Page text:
In part two of our Annual Review we look at the activities of the Security Industry Authority;
The Regulated Security Industry in 2010/11
Whilst there was significant contract promiscuity and consolidation within the licensable sector, there was no empirical evidence to suggest any growth during the period of analysis. The annual turnover of the regulated security industry is estimated to be in the region of £3.3 billion. There are in excess of 7000 businesses operating with the security sector of which it is conservatively estimated that there are more than 2522 businesses operating within the regulated security industry. It is believed that there could be up to 25 % more businesses operating in regulated security industry than calculated in this analysis. These figures are consistent with data held in late 2009 by both the Security Industry Authority (SIA) and the British Security Industry Association (BSIA). There has been no new sectorial analysis of businesses operating in the regulated security industry since the 2009 analysis save to say anecdotal evidence suggests the figures set out below reveal cross over with businesses operating in multiple sectors;
- 575 operate in the regulated CCTV sector,
- 357 operate in the regulated Close Protection sector,
- 44 operate in the regulated CVIT sector,
- 617 operate in the regulated Door Supervision sector,
- 919 operate in the regulated Key Holding sector,
- 1915 operate in the regulated Security Guarding sector,
- 279 operate in the regulated Vehicle Immobilisation sector.
This analysis highlights that the regulated security industry has “long tail” with only approximately 28% (25% – 2009) of the regulated security businesses having some form of industry recognised quality accreditation, principally the ACS. These statistics reveal the need for compulsory company registration in the regulated security industry to fully understand the nature of the businesses operating outside the scope of accredited quality frameworks. As suggested earlier, regulation in 2013/14 is likely to require all security businesses in the licensable sector to be licensed. This should provide more accurate data.[i]
The regulatory process of the SIA continued to be robust during the reporting period of January 2010 until the 20th of September 2011. Whilst there was only an increase in the overall number of active licences of 13.10% from 2009 there was a marked increase in the number of revoked licences (27.67%), in refusals to issue licenses(31.38%) and in qualifications (20.91%) The full analysis of the SIA licensing statistics[ii] are set out in the table below;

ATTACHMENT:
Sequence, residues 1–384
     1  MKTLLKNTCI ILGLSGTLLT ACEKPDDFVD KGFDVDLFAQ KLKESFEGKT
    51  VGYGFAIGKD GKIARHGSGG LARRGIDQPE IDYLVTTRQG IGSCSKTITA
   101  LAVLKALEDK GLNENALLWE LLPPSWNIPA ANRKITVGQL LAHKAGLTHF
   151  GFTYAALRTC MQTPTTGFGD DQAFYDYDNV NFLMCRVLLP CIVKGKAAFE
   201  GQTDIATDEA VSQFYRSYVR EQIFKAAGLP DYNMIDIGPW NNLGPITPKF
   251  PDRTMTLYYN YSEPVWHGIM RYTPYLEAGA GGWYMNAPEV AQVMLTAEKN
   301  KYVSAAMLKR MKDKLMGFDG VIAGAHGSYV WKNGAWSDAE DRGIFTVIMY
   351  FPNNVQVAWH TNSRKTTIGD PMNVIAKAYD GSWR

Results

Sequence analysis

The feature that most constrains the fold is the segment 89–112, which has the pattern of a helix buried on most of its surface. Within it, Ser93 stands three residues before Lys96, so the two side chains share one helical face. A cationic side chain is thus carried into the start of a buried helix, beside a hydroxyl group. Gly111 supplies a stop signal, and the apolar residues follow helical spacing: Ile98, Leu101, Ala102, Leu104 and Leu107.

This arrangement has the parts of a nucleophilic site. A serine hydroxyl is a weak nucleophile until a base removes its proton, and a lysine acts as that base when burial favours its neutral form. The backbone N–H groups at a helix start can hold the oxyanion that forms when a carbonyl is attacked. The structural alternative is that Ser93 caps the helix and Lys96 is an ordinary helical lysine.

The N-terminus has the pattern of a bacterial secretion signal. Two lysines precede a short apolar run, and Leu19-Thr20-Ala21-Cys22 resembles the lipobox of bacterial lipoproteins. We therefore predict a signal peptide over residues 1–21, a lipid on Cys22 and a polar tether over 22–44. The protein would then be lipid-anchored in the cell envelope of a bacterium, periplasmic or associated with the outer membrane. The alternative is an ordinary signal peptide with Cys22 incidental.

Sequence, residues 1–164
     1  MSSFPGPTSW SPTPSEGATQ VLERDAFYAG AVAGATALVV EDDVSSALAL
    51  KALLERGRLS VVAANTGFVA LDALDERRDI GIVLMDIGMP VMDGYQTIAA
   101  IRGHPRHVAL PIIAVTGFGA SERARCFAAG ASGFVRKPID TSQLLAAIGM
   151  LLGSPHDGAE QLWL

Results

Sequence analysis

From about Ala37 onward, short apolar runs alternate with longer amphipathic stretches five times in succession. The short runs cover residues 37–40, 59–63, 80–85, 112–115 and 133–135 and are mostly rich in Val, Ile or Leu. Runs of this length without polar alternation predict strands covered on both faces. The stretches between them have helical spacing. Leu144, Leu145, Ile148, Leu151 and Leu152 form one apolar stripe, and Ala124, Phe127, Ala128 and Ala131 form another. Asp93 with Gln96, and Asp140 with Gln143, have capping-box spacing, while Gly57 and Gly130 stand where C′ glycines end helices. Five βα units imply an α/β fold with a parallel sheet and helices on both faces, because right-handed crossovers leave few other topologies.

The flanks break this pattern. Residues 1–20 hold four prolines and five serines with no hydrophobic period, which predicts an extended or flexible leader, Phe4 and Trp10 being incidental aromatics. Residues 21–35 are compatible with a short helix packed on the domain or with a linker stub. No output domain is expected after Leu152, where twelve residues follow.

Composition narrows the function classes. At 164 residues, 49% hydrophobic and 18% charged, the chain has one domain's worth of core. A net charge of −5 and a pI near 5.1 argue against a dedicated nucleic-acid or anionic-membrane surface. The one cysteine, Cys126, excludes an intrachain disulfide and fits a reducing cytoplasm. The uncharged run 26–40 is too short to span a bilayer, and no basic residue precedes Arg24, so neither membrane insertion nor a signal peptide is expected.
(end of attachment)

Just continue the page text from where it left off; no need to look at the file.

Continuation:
The Long Arm of the SIA
SIA Enforcement Activity
The SIA has a range of sanctions available whilst falling short of criminal proceedings they believe are effective in ensuring increased compliance quickly whilst avoiding costly formal proceedings. The sanctions include the issuing of written warnings and improvement notices for non-compliance, and the revocation or suspension of licences.
The table set out below details statistics of enforcement activity for the periods 1 April 2010 to 31 March 2011 (12 Months) and 1 April to 31 August 2011 (5 Months)
This Financial Year (2011-2012) (5 Months)
|Written Warnings Issued||109|
|Improvement Notices Issued||23|
Previous Financial Year (2010-2011) (12 Months)
|Written Warnings Issued||307|
|Improvement Notices Issued||43|
Please visit the SIA Website for full descriptions on the types of sanctions and updated statistics
Due to considerations which range from data protection issues, prosecutions by police forces and other government agencies, to commercial considerations the majority of the Private Security Industry Act enforcement activity goes unreported. As successful prosecutions are a matter of public record all the SIA activity is reported on their website. In the 12 months to the 9th of September 2011 there were ten successful prosecutions (2 businesses and 8 individuals.) For further details please visit the prosecutions section on the SIA website.
The Security Industry Authority – Approved Contractors Scheme (ACS)[iii]
Number of Approved Contractors
The number of contractors in the Approved Contractors Scheme (ACS) of the Security Industry Authority (SIA) increased by 8.3% (656 to 711), during the period of analysis. It is likely, based on current industry thinking that the ACS could be transferred to anindustry run hallmark type scheme under the planned new licensing regime in 2013.
Key statistics for the ACS as of 31 August 2011 are;
- the total number of approved contractors was 711;
- more than 129,000 licensed operatives were working for these companies.
In terms of the ACS rules, approved contractors must re-register and undergo assessment every year to maintain their approval. 91% of ACS approved contractors have successfully re-registered since March 2011.
Types of Organisations Represented
|Type of Organisation||Number in ACS||% of Total|
|Micro (1-10 employees)||191||27%|
|Small (11-25 employees)||210||30%|
|Medium (26-250 employees)||250||35%|
|Large (>250 employees)||60||8%|
Approvals by Sector[iv]
|Sector||Number of Approvals|
|Cash & Valuables in Transit||17|
|Public Space Surveillance (CCTV)||117|